The venom, he believed, was good for the heart.Like some strange astronaut crossing the yard,he confessed to the bees: the happiness of hismarriage, enabling his son’s alcoholism, the manhe shot in World War II, the almanac’s weather.
The cause never matters, but the absence does:snaggle-toothed children on post office posters,Bermuda Triangle boats and planes, an aging woman’shope to conceive, whole colonies of bees can vanish.
As a child Everette was taught to sprinklebees with flour and then follow the ghost trailto the hive. Now would the path stop mid-field?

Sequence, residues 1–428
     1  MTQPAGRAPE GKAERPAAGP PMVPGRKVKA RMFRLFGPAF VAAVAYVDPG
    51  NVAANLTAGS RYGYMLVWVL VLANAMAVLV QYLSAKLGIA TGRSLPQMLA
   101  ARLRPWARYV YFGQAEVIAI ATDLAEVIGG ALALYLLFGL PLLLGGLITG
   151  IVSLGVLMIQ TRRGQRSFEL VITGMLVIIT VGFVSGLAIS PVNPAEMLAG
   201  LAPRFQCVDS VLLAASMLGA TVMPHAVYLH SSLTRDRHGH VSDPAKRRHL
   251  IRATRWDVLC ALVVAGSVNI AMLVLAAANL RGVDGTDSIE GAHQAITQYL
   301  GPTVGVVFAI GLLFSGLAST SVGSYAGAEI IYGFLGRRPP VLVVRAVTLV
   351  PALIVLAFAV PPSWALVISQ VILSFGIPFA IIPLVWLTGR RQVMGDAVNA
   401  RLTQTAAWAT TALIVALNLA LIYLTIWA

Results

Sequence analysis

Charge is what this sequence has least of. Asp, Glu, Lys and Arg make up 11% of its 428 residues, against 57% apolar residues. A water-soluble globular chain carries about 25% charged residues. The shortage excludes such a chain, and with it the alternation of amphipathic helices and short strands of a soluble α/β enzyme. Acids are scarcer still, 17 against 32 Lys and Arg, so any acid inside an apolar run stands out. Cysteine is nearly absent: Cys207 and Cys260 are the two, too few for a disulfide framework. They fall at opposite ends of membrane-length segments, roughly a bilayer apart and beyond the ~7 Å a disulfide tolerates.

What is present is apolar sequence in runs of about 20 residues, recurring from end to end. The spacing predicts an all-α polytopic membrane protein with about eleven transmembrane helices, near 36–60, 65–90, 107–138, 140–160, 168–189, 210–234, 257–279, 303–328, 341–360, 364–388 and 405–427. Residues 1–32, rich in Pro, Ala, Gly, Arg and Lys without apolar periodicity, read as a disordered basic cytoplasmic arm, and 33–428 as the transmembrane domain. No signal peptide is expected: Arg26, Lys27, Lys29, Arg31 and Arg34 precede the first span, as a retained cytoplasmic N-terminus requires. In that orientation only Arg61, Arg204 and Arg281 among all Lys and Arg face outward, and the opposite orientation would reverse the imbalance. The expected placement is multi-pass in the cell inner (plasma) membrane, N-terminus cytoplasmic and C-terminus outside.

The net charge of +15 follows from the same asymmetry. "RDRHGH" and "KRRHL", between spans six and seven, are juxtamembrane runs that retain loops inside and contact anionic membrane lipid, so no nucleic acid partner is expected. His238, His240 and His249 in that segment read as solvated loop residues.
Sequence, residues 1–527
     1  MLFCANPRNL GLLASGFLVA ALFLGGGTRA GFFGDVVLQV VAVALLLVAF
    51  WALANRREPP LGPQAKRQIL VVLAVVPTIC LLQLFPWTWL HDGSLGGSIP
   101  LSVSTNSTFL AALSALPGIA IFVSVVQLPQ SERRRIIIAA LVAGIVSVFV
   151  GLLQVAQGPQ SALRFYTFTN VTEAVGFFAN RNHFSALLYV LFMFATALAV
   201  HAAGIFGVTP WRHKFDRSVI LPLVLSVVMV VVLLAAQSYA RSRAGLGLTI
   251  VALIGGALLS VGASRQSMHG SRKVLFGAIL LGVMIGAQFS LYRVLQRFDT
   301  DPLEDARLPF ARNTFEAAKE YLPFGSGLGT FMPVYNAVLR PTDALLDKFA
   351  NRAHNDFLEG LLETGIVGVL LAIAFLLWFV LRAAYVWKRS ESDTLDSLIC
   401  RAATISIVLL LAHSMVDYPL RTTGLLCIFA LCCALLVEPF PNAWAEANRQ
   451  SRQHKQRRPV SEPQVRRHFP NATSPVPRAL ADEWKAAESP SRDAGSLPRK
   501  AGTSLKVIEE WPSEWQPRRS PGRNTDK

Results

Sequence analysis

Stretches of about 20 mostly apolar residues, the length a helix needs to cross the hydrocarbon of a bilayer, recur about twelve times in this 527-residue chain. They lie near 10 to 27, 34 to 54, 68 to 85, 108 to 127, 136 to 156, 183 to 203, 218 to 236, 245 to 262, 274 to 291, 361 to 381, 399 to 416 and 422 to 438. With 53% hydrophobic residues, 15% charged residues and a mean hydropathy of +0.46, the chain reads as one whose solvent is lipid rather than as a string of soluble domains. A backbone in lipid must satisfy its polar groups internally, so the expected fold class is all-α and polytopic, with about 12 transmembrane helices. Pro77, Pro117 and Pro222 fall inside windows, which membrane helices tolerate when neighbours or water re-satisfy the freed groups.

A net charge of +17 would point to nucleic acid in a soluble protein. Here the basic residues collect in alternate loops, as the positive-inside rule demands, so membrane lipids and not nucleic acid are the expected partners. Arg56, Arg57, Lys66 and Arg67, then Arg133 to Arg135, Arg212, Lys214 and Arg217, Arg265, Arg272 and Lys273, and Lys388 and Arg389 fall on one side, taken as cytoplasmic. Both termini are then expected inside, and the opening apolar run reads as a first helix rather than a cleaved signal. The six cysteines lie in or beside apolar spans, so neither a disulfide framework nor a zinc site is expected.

It wasn’t exactly his heart, but the anti-arrhythmia drugsthat drowned the hive of his lungs. Two years after,I open the last jar of honey my grandfather put up.A sweetness that aches astounds me. Papery bits of combstick to my teeth like what I still can’t speak of. [End Page 56]
Rachel Morgan is the Assistant Poetry Editor for the North American Review and teaches creative writing at the University of Northern Iowa. She co-edited Fire Under the Moon: An Anthology of Contemporary Slovene Poetry (Black Dirt Press). Recently her work appears or is forthcoming in Fence, Denver Quarterly, Barely South, Volt, Hunger Mountain, South85, and DIAGRAM.